Common Antler Lichen

(Pseudevernia consocians)

               
Conservation Status

IUCN Red List

not listed

Common Antler Lichen

NatureServe

NNR - Unranked

Minnesota

not listed

Occurrence

 

Habitat/Hosts

Wet coniferous and mixed forests. Bark of coniferous trees.

 

 

    Photo by Luciearl

Identification

Common Antler Lichen occurs in the United States from Maine to Minnesota, adjacent Canadian provinces, and south along the foothills of the Appalachian Mountains. In Minnesota it is restricted to the northeast and north central regions. It grows in open comiferous and mixed forests on the bark of coniferous trees, especially pine, but also black spruce, tamarack, and white cedar.

The vegetative body (thallus) is 1½ to 4 (0.5 to 1.5 mm) wide and divided into overlapping, flattened lobes. It appears shrubby (fruticose) but it might be more appropriate to call it leafy (foliose). It is anchored to the substrate (bark) by a single central peg (holdfast). There are no root-like structures (rhizines). The lobes are long and narrow, 1 64 to 1 16 wide, with more or less parallel sides (linear). They are repeatedly branched, mostly with forked branches (dichotomously). The margins do not have a fringe of hairs. The upper surface is pale gray, smooth or wrinkled, shiny or dull, and lightly spotted. It appears somewhat rough due to abundant but minute granules (isidia). The lower surface is dark gray or black and broadly channeled.

Cup-like or disk-shaped fruiting bodies (apothecia) are rarely present.

 
Similar
Species

 


Distribution Distribution Map  

Sources: 4, 24, 26, 29, 30, 77.


Comments

 


Taxonomy

Division:

Ascomycota (sac fungi)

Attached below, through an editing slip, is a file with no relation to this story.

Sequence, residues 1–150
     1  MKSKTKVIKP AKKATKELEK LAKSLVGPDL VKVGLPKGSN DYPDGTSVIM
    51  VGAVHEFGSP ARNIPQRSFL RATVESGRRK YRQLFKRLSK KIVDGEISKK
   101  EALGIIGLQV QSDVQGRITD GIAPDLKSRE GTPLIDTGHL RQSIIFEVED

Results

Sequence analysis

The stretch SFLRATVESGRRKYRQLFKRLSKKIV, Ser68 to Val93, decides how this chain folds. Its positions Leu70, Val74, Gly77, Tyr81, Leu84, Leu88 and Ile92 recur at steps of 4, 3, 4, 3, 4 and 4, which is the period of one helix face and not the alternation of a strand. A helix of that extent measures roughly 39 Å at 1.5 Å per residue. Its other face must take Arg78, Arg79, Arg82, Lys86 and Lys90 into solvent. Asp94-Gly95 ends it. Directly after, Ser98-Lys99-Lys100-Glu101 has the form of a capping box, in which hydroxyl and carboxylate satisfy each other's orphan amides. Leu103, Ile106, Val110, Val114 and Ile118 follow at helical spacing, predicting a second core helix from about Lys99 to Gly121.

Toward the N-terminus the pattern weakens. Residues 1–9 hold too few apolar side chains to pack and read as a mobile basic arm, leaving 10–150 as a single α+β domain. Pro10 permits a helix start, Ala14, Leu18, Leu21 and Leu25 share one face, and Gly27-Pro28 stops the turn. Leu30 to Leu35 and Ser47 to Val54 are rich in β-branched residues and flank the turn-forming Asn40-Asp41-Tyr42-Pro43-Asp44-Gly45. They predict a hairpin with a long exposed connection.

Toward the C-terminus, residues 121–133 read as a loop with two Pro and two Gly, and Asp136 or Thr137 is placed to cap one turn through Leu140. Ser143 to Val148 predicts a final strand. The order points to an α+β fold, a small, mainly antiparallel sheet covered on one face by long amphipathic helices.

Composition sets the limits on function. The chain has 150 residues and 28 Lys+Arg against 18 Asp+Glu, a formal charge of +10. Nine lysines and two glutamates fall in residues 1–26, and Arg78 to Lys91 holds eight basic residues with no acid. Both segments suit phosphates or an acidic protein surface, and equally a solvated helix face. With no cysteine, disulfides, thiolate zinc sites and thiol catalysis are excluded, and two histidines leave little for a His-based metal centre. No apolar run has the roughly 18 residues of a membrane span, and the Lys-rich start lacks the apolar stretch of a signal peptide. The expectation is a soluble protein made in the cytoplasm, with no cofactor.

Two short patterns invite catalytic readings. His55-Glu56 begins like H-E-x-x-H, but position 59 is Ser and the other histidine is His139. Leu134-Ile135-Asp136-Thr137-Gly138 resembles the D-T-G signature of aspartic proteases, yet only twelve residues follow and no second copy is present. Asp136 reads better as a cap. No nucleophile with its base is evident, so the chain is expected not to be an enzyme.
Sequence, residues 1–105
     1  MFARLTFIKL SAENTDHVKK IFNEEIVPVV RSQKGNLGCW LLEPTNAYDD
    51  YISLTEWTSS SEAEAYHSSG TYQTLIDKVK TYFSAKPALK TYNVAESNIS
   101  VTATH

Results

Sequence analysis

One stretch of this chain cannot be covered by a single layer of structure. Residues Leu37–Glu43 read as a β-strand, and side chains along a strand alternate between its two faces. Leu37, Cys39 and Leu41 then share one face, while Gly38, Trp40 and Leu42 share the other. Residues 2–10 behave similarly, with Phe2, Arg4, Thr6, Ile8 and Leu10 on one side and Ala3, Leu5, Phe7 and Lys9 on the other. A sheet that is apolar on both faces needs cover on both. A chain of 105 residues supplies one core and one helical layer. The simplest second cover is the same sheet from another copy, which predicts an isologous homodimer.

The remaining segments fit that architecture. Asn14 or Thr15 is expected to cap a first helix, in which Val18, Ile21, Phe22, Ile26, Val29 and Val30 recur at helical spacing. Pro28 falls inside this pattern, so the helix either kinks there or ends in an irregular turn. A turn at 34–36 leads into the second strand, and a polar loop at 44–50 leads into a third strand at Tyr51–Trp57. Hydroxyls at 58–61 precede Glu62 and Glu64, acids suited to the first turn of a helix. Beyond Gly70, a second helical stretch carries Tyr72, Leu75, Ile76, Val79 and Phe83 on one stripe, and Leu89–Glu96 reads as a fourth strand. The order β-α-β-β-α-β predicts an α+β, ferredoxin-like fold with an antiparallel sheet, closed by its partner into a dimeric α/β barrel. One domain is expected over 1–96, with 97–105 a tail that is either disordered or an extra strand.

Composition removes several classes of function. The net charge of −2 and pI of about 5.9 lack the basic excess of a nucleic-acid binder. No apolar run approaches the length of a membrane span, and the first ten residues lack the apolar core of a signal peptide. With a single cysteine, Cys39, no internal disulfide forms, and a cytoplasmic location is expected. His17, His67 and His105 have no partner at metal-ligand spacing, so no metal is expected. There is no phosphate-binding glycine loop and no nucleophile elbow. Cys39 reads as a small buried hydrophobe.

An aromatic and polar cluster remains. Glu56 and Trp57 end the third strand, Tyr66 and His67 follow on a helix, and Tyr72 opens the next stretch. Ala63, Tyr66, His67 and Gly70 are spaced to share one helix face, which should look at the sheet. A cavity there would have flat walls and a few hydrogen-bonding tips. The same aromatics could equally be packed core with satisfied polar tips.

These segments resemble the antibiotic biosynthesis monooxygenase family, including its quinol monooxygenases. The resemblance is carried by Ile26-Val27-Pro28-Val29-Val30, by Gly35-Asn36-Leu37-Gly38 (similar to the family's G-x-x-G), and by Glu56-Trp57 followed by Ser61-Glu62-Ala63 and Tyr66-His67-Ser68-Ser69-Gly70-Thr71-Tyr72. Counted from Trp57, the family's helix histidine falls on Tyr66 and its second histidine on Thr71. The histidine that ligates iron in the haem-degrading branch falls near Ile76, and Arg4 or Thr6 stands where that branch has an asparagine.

No Rank:

saccharomyceta

 

Subdivision:

Pezizomycotina

 

No Rank:

leotiomyceta

 

Class:

Lecanoromycetes

 

Subclass:

Lecanoromycetidae

 

Order:

Lecanorales

 

Suborder:

Lecanorineae

 

Family:

Parmeliaceae

 

Mycobiont:

Pseudevernia consocians

 

Photobiont:

 

 
Synonyms

 

 
Common
Names

Common Antler Lichen


 

 

 

 

 

Glossary

Apothecium

An open, disk-shaped or cup-shaped, reproductive structure, with spore sacs on the upper surface, that produces spores for the fungal partner of a lichen. Plural: apothecia.

 

Fruticose

Shrubby: referring to the growh form of lichens that may be tufted, draped, or stalked.

 

Holdfast

In lichens: A central peg-like projection of the thallus, like an umbilical cord, that anchors the lichen to the substrate.

 

Isidium

The reproductive structure of a lichen consisting of a cluster of algal cells (the photobiont) wrapped in fungal filaments (the mycobiont) and enclosed within a layer of protective tissue (cortex). Plural: isidia.

 

Linear

Long, straight, and narrow, with more or less parallel sides, like a blade of grass.

 

Rhizine

A root-like structure of a lichen that attaches the lower layer to the substrate.

 

Thallus

The vegetative body of a lichen composed of both the alga and the fungus.

       

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Luciearl


  Common Antler Lichen    

       
       
       

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Luciearl
11/16/2018

Location: Cass County

Pseudevernia consocians



     
     
 

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